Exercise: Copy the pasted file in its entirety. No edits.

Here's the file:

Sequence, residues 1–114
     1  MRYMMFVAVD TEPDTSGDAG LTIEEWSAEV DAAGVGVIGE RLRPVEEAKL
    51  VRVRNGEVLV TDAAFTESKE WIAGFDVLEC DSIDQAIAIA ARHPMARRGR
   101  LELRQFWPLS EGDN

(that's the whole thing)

Sequence, residues 1–114
     1  MRYMMFVAVD TEPDTSGDAG LTIEEWSAEV DAAGVGVIGE RLRPVEEAKL
    51  VRVRNGEVLV TDAAFTESKE WIAGFDVLEC DSIDQAIAIA ARHPMARRGR
   101  LELRQFWPLS EGDN